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Old 04-24-2010, 11:59 AM   #11
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If you need 4WD because of the climates you'll be seeing or the terrain you'll be driving in, by all means get it. However, it's by no means a necessity for towing 5th wheels.

I've been towing 5th wheels with 2WD duallies for 15 years and have never been stuck or been in a situation where I needed to be pulled out, and that includes time we spent living in central Ohio where we saw more than our fair share of snow and ice. Consider that 2WD has a lot of advantages:

Lower initial cost
Less maintenance and repair - if it's not there, it can't break
Higher towing capacity since the truck weighs less
Better fuel economy
Better ride
Better handling
No possibility of "death wobble" (caster wobble with solid front axles)
Lower ride height - easier to level trailer with no bed rail clearance issues

That's why they build trucks as 4x4s and 2x4s - you weigh your requirements and make your selection accordingly.

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Old 04-24-2010, 12:49 PM   #12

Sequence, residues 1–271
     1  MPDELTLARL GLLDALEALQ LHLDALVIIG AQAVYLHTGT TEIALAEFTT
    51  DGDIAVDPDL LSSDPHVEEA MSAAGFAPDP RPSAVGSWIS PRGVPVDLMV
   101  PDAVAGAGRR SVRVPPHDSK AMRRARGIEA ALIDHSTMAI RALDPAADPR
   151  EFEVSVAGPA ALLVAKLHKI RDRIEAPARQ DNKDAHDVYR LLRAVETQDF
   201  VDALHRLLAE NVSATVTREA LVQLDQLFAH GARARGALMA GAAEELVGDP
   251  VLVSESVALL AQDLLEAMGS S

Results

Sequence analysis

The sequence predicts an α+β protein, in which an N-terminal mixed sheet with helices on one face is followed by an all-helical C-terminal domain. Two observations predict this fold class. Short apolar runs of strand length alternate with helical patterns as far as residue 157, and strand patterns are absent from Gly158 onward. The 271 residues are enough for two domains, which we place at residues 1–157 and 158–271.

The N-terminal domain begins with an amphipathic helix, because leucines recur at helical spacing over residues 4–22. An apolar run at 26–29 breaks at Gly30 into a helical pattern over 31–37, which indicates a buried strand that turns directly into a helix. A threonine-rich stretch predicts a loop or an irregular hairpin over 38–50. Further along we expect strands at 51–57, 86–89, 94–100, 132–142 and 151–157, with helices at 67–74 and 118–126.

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We enjoyed the dually. The ride was way better than our same year 4X4 Ford crew cab. The mileage was acceptable. It did require sand bags in icy conditions. We have some treed land up in the hills. Traveling over logging roads in amongst the trees was hazardous because the fenders stuck out so far. I eventually nailed a tree with a fender causing some $$ damage. The newer duallies seem to have fenders that don't stick out so far. We did have a truck camper on the dually and it was great because the camper was very heavy and didn't tip as much as on the 4X4. We were not able to find a car wash for the dually. I don't believe I'd buy another dually but????. Milt
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Old 05-18-2010, 10:48 PM   #13
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I cannot stand the smell of diesel due to my 45 years of oil burner work in the heating field. I have a gas 8.1 liter. I bought a dually for the stability while towing. I also have four wheel drive with limited slip differential. I have needed it a few times after a heavy night rainfall to tow out of a grass CG space and onto the pavement. Many of the government lands require one to have four wheel drive to enter there. I have needed 4 wheeldrive towing up a steep gravel road hill.

My gasser doesn't get there fast but it gets there.